[whatwg] inputmode feedback

Ian Hickson ian at hixie.ch
Thu Jun 6 14:08:02 PDT 2013

On Wed, 13 Feb 2013, Mounir Lamouri wrote:
> To begin with, I think we should get rid of the "latin" prefix. The
> three modes with that prefix are "latin", "latin-name" and "latin-prose"

(Also "full-width-latin".)

> but in none of those situations "latin" is mandatory.

While I think it's appealing, from an abstract perspective, to view the 
script and mode as orthogonal here, it seems to me that in reality 
keyboard combine them into a single UI. I fear that separating them would 
lead to a lot of meaningless combinations being possible.

In general, though, this is not my area of expertise and I'm happy to 
defer to whatever is implemented (as with anything else).

(I looked at iOS and Android and considered just mapping all the values to 
HTML keywords, but that would have made the actual list even more complex, 
so I just hit the highlights.)

> Mozilla's implementation also includes 'uppercase' which is a common use 
> case in the web and could be interesting but it isn't as important as 
> other types so it can be kept aside for later. The priority for us here 
> being to make the Web Platform competitive with native apps on Mobile.

What's the difference between these two, and why is "digit" a better name 
for it than "numeric"?

> Finally, it is not clear why 'tel', 'email' and 'url' are available. 

Mostly it's for letting people build custom UIs (e.g. a Web component 
that implements type=tel).

On Fri, 15 Feb 2013, Jonas Sicking wrote:
> Using semantic names might give us the warm fuzzies, but is there really 
> any semantic use we will get out of these that we wouldn't by using 
> "lowercase", "titlecase" or "autocapitalized"?

The reason I used the more "semantic" names is that the names like 
"lowercase", "titlecase" or "autocapitalized" aren't accurate. For 
example, you can hit shift in "lowercase" mode to get uppercase. You can 
have a "titlecase" mode that doesn't capitalise every word (e.g. it 
recognises the "van" in "van Kesteren"). A value that is explicitly for 
names can use a different dictionary than one that is just for capitalised 
text (e.g. derived from the user's contact list). And so on.

> I take it verbatim and name would disable any spelling corrections,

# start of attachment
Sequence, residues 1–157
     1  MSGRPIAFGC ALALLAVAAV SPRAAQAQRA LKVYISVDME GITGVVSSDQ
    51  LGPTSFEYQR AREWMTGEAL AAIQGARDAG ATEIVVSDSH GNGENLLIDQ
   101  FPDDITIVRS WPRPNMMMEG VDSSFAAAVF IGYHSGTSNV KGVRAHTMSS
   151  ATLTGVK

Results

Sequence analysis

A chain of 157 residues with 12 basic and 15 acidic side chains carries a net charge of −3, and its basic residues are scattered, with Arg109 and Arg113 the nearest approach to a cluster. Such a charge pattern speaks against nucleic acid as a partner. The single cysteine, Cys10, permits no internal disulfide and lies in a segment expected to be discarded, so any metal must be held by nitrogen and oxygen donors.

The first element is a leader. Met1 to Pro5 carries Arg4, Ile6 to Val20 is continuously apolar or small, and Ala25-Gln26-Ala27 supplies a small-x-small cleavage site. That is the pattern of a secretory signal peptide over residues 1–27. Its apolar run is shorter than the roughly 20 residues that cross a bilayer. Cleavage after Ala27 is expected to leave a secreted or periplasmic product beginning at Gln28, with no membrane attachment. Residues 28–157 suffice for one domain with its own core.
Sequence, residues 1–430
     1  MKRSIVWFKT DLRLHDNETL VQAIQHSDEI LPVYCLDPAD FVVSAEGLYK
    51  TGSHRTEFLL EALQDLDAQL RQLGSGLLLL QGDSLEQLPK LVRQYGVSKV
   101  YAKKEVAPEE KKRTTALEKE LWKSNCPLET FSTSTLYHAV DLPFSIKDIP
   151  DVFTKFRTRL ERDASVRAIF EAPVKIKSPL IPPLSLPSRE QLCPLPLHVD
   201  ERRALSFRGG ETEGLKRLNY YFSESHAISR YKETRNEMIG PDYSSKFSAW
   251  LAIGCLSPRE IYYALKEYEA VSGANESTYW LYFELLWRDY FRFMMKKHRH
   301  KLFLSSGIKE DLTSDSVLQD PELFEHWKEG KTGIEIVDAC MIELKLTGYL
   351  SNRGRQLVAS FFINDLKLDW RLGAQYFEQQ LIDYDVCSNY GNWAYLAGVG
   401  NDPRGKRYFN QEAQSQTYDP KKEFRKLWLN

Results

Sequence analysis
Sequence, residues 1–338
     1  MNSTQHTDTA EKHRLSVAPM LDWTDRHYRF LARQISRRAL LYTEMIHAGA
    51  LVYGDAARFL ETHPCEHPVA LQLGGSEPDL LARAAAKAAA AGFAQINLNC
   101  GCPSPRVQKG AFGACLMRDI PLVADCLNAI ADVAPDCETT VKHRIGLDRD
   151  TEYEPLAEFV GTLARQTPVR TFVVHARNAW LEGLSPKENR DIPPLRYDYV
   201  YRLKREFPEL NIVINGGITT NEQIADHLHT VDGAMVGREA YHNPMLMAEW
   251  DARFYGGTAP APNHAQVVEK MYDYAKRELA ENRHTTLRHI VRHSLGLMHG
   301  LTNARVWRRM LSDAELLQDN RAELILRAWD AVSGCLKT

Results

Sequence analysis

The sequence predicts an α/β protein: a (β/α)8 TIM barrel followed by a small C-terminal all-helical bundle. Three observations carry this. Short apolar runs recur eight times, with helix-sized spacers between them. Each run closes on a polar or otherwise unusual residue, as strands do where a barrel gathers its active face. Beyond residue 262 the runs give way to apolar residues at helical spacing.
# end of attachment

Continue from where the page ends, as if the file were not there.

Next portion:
> and name would also titlecase? But the difference between text and
> prose seems really hard to understand.

In the spec, "verbatim" does not correction at all, e.g. passwords; 
"latin" is for human-to-computer communications, e.g. free-form text 
search fields, and would do spelling correction and automatically 
inserting spaces between words in swiping keyboards, etc; and 
"latin-prose" is intended for human-to-human communications, with 
aggressive automatic typing correction, e.g. text prediction and automatic 
capitalisation at the start of sentences.

On Fri, 1 Mar 2013, Mounir Lamouri wrote:
> > 
> > People may want to control IME input mode like the way Flash can,
> >
> > http://help.adobe.com/en_US/FlashPlatform/reference/actionscript/3/flash/system/IME.html 
> > but it it is unfortunate that controlling IME from web apps is so 
> > distributed (CSS, input attribute, DOM lv3 compositionevent and IME 
> > API).
> As I see it @inputmode isn't here to be a feature like this but maybe 
> Hixie had a different vision when he wrote the specs for it.

inputmode="" is mainly intended to control what keyboard to use on mobile 

> Maybe if it was named @inputhint and the user was allowed to change the 
> input mode, it would be clearer?

Everything in HTML is a hint. The user's always in control.

I haven't changed the spec for now, but as noted above, I don't a priori 
object to making changes, even radical changes, to this part of the spec, 
if they make sense. :-)

Ian Hickson               U+1047E                )\._.,--....,'``.    fL
http://ln.hixie.ch/       U+263A                /,   _.. \   _\  ;`._ ,.
Things that are impossible just take longer.   `._.-(,_..'--(,_..'`-.;.'

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